“They’re holding up some good bills over there. But as the Senate president has said, don’t fear the debate,” said Sen. Andy Gardiner, R-Orlando.

Tomorrow is the last day of session.

News Abortion

Florida GOP Passes ‘Reckless’ Anti-Choice Omnibus Bill

Teddy Wilson

At least one Republican who voted in favor of the measure said she is concerned that the bill's language could become an issue in the courts.

Florida’s Republican-dominated legislature on Wednesday passed an omnibus anti-choice bill that would include targeted regulation of abortion providers.

HB 1411, sponsored by Rep. Colleen Burton (R-Lakeland), would create restrictions on abortion clinics, ban organizations that provide abortion care from receiving state Medicaid funds, and redefine the trimesters of pregnancy.

The bill was passed last Wednesday by the house 76 to 40, mostly along partisan lines, with two Democrats voting with the Republican majority in favor of HB 1411. Six Republicans voted with the Democratic minority against the bill.

The state senate also voted for final passage on Wednesday in a 25-15 vote, with one Republican joining the Democratic minority in opposing the omnibus bill.

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State Sen. Eleanor Sobel (D-Hollywood) said during floor debate that she was opposed to the bill because it is intended to restrict access to reproductive health care, reported the News Service of Florida.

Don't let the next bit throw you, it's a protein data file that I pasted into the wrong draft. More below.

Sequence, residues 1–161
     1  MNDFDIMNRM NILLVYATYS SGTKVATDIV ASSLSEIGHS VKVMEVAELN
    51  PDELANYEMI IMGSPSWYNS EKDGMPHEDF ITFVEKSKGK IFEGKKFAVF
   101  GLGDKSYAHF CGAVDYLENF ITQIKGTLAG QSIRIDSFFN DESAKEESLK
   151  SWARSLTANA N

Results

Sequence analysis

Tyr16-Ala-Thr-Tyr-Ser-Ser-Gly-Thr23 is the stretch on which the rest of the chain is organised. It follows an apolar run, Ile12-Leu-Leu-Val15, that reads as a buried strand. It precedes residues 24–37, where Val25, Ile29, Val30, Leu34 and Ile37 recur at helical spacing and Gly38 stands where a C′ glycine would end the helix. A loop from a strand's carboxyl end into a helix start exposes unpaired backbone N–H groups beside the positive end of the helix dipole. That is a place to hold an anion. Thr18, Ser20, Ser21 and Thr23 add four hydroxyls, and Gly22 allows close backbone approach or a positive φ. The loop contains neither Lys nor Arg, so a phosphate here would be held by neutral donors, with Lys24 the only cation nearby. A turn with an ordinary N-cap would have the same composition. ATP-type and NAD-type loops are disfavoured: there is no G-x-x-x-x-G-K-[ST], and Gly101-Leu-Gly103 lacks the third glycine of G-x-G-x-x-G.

“This decision [to have an abortion] is personal for a woman, her family and her faith … a truly personal decision,” Sobel said. “Many women and men believe that the government has no right to interfere with this personal decision.”

While Republicans pushing abortion restrictions have often cited health and safety as the primary intention of anti-choice measures, state Sen. Alan Hays (R-Umatilla) said during the floor debate that he supported the bill because Floridians needed “to do everything that we can to not sanction murder,” reported the News Service of Florida.

The bill was amended in the house to include language stating that the goal of the bill is “to protect all human life by regulating the termination of pregnancies through the exercise of their right to self-government.”

State Sen. Kelli Stargel (R-Lakeland), who voted for the bill, told the Tampa Bay Times that the bill’s language could become an issue in the courts.